Business

Northern Ireland exports jump 6 per cent over past year

CDE Global, which makes screening equipment, is among the north's biggest exporters

NORTHERN Ireland has vastly outperformed the rest of the UK in growing exports, according to official figures.

The region had exports of £7.4 billion over the year to September - up 6 per cent on the previous 12 month period.

In comparison, exports from the UK as a whole were relatively flat at £279.9bn and Scotland actually recorded a 7.3 per cent drop in exports value.

Imports to the north also increased over the period to by 4.3 per cent to £9.6bn, according to the data from HMRC.

The machinery and transport sector accounted for the greatest value of exports over the 12 months at just under £2.5bn.

Major exporters include CDE Global in Cookstown which makes screening equipment for the quarrying market and plane manufacturer Bombardier in Belfast.

The European Union remains the north's greatest export market accounting for £1.04bn over the third quarter alone compared to £956m for the same period in 2015.

Ulster Bank's chief economist in Northern Ireland Richard Ramsey said the north's performance was "not surprising".

"The figures tally with what we have been finding with the Purchasing Managers' Index," he said.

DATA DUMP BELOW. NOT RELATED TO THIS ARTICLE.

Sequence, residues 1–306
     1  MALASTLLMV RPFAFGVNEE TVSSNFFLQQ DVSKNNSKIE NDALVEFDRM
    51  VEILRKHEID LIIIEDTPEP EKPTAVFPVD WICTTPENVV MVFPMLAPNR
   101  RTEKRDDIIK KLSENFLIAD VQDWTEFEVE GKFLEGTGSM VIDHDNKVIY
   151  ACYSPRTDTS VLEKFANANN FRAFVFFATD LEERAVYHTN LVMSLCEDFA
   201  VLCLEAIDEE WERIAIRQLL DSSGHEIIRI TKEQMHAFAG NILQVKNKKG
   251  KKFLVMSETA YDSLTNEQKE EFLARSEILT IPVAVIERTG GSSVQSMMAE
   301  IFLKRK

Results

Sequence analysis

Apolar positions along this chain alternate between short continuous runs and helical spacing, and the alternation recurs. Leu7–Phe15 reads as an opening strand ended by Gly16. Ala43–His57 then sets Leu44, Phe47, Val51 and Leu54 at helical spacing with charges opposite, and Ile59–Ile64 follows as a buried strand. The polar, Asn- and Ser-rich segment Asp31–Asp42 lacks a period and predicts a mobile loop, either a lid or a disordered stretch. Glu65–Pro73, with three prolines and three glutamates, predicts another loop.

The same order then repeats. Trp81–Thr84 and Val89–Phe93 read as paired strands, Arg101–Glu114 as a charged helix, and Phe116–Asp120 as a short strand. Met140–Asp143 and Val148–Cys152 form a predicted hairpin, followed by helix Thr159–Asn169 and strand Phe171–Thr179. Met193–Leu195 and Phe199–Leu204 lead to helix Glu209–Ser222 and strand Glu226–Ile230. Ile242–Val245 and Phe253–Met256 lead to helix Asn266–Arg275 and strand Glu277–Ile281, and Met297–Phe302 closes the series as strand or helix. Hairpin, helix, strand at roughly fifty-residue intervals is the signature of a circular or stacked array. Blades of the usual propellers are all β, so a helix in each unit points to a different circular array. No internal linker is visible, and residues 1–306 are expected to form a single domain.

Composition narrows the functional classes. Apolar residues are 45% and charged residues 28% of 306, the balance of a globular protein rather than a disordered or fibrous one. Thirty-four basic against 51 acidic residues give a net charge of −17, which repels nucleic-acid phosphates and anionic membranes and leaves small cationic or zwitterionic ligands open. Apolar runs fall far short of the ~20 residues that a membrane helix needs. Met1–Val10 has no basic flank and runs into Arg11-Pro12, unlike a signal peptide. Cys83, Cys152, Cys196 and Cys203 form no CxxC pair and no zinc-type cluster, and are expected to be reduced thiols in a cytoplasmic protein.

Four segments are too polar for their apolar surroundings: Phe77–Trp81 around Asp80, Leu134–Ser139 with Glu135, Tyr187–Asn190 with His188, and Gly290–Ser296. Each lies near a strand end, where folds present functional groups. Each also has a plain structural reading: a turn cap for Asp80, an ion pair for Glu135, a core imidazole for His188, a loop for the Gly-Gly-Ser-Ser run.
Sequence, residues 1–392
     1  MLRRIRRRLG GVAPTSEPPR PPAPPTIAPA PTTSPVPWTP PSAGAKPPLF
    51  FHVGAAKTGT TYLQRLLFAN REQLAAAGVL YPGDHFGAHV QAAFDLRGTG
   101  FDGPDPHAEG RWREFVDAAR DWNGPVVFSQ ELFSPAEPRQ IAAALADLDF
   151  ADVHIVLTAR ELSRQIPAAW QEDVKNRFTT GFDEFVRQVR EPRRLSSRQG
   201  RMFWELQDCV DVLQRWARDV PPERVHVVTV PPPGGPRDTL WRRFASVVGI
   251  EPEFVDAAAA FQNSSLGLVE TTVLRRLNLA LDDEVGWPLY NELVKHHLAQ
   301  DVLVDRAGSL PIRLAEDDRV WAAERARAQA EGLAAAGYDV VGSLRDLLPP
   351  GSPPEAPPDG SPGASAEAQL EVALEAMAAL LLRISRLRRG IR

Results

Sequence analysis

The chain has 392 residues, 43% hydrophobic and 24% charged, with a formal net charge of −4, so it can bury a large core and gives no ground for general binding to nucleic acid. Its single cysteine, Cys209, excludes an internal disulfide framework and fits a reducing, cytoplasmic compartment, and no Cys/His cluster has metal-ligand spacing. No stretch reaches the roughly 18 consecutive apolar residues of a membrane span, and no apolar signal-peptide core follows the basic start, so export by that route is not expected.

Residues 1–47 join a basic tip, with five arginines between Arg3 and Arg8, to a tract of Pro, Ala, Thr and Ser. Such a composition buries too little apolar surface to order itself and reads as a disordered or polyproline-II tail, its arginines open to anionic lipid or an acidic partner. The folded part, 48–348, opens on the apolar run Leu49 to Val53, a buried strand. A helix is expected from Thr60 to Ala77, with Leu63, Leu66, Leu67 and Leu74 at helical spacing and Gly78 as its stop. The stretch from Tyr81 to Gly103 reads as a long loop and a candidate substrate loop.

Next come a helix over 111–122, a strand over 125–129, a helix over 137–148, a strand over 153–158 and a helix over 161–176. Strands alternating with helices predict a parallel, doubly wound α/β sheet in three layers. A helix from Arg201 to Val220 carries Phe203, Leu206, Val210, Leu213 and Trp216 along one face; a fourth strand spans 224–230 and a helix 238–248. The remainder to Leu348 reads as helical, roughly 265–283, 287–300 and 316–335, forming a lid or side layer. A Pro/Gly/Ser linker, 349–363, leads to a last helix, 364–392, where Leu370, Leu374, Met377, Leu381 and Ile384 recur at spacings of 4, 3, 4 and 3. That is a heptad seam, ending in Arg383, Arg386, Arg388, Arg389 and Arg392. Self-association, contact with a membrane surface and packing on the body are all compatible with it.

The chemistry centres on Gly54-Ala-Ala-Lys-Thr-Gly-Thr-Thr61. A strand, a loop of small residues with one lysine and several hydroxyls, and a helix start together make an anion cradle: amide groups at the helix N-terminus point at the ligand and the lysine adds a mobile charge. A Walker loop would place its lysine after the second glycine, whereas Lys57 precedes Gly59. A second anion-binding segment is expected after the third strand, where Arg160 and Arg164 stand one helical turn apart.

"It's not a surprise that Northern Ireland is outperforming the UK in terms of exports.

"Because a major market for us is the Republic of Ireland, this has been a positive impact of the Brexit vote in terms of how it has affected currency."

As the value of sterling has fallen against the euro in the months since the EU referendum, goods from the north - and the UK as a whole - have been more affordable to importers in the eurozone.

But Mr Ramsey said it was not restricted to Europe.

"Take a firm operating in the pharmaceutical sector, a lot of their business would be affected by changes in the value of sterling against the dollar which has improved their export values.

"These figures are for Q3 but this is a trend that we expect to see continue into the fourth quarter and the start of 2017.

"However, the flip side is that exporters will begin to see implications on their cost base and a squeeze on their profit margins."

Exports from the machinery and transport sector amounted to £611m in the third quarter, against £573m for the same period in 2015.

The chemicals sector meanwhile exported £326m worth of goods over the three-month period and food and live animals accounted for £261m of exports.

Aside from the EU, North America bought the highest level of goods from Northern Ireland at £429m (down from £467m for the third quarter in 2015).

Asia and Oceania meanwhile imported £172m of produce from the north.

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